If your business is relatively new, you may be able to deduct some or all of the expenses you incurred to get your business started – for example, fees to a real estate agent to find space, attorney fees for registering a trademark or forming a corporate entity, fees paid to contractors for renovations, the cost of fixtures, shelves, signs, and POS terminals. These start-up costs cannot be deducted in one lump sum in Year 1. There are caps on what you can deduct, so best to consult a professional or use tax software to determine how much you can deduct, and how much you must amortize.

Home office help

If you operate your small business out of a home office or studio, expenses relating to your home office or studio may be deductible. Qualifying expenses include rent, the cost of repairs, utilities, and more. Sounds like a great deal, right? It can be—but make sure you meet all IRS requirements. To qualify, the home office or studio space must be used exclusively for the business on a regular basis. That means if a spare room is used as an office and to entertain a guest or two over the holidays, it doesn’t qualify. There are two alternative ways to calculate a home office deduction; one involves deducting actual expenses (calculating what percentage of expenses are attributable to the business), and the other involves taking a simplified rate based on the square footage used for business purposes.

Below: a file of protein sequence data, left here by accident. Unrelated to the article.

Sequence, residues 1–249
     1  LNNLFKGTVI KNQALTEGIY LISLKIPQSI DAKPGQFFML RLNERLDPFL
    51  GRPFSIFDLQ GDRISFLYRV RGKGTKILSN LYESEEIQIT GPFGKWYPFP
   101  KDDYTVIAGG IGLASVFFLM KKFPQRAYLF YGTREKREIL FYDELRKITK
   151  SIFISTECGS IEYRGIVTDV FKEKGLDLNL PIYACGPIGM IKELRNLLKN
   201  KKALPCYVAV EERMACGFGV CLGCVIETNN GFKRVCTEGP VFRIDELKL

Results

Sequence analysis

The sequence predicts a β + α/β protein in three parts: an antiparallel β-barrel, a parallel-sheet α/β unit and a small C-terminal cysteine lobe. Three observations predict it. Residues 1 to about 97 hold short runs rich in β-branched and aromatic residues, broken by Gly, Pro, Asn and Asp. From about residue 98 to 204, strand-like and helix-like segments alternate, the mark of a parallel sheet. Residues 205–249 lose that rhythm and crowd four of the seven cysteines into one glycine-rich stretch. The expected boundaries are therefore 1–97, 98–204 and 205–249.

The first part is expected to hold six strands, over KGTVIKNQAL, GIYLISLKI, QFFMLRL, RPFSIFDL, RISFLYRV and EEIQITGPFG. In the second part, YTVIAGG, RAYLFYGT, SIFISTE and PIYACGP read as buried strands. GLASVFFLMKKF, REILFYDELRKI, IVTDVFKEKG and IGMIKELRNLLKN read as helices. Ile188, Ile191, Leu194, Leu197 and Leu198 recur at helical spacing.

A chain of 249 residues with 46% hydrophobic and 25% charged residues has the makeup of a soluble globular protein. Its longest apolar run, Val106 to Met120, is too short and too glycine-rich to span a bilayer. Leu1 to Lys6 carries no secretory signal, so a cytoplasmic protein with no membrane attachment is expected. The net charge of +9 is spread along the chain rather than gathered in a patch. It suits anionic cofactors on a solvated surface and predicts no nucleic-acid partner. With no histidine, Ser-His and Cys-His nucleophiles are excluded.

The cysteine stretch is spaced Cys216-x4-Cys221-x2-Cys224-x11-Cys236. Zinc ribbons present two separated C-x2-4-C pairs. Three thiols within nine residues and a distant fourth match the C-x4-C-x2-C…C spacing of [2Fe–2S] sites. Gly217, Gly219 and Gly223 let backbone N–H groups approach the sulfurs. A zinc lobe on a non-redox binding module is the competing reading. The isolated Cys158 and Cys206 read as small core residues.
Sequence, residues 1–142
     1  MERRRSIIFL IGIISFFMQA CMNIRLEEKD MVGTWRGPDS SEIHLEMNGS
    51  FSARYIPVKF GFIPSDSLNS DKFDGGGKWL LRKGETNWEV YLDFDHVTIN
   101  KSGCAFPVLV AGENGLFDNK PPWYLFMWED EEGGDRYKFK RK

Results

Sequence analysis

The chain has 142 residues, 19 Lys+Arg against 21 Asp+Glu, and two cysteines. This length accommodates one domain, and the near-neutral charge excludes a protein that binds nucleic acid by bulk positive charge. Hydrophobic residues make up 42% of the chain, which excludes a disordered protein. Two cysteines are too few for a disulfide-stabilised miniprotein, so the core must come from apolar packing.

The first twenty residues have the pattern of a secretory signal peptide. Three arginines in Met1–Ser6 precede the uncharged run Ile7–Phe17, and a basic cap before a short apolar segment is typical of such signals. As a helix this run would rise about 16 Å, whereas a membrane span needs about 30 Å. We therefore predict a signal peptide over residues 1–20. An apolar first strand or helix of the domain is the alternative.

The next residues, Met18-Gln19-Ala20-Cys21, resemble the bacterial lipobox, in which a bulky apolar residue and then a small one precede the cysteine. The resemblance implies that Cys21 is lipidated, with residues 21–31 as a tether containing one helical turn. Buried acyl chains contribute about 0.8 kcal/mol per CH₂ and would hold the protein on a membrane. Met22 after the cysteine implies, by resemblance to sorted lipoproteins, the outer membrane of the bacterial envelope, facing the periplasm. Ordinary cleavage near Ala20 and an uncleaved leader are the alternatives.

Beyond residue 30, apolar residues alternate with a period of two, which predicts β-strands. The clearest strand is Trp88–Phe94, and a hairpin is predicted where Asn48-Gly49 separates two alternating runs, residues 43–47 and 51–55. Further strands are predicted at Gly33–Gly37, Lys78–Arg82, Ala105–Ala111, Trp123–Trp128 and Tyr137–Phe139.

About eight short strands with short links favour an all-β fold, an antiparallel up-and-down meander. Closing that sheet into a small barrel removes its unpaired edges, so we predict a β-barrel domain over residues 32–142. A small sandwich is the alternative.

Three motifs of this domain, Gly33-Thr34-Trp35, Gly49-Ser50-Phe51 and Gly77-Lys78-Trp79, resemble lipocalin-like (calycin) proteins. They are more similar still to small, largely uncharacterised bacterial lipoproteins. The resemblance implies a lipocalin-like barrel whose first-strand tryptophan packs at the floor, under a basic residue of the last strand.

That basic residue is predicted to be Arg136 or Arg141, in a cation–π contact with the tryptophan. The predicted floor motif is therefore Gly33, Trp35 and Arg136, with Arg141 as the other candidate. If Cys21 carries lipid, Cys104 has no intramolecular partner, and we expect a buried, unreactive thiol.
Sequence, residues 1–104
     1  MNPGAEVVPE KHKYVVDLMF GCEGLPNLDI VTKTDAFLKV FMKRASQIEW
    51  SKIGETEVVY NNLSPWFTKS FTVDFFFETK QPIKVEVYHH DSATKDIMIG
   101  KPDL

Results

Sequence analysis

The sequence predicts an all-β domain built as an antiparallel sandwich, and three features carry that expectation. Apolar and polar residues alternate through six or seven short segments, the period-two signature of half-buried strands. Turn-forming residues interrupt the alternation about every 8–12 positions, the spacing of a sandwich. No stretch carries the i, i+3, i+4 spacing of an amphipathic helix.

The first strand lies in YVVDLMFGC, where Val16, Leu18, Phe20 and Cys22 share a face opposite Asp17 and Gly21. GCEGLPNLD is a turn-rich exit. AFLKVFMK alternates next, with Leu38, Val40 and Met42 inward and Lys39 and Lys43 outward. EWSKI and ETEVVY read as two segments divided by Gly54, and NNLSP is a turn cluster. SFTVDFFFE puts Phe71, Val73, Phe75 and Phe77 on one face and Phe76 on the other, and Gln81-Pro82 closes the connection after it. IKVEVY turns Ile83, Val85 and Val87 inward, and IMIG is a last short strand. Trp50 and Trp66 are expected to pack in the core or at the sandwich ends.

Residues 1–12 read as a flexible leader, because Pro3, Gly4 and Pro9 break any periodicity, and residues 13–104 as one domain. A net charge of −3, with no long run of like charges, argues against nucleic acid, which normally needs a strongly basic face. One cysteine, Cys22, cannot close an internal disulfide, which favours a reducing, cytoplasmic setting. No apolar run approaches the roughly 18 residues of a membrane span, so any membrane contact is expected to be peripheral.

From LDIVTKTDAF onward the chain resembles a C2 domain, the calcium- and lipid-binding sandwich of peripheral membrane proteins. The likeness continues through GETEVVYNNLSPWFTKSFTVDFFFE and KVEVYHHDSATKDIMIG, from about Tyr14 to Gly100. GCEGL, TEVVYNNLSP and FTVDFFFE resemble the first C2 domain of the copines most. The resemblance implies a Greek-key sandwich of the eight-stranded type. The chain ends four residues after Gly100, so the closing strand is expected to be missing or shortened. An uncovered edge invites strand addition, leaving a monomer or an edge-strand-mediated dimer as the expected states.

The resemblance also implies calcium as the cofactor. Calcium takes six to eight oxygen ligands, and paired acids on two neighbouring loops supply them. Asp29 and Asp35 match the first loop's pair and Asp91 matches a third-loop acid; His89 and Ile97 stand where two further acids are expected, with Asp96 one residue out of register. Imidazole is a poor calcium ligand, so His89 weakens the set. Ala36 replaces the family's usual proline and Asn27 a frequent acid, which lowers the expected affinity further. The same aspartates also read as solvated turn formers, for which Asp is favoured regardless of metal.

Auto expenses

Auto expenses. If you have a car, van or truck that you use for the business, tax regulations allow you to deduct related expenses in various ways. When it comes to operating costs, like gas, repairs and maintenance, you can either deduct your actual expenses or a standard reimbursement rate. To use the standard rate, calculate the number of miles driven for business use and multiply by the fixed amount set by the IRS (find it on the IRS website). If you opt for the standard rate, you cannot also deduct actual expenses like gas, registration costs or repairs. Alternatively you can deduct some or all of your actual expenses incurred in operating the car for business purposes. You’ll have to figure out what you spent on things like gas, registration, maintenance and repairs, insurance, and depreciation, then deduct only the portion of those expenses attributable to the business. Under either method, you can also deduct parking and tolls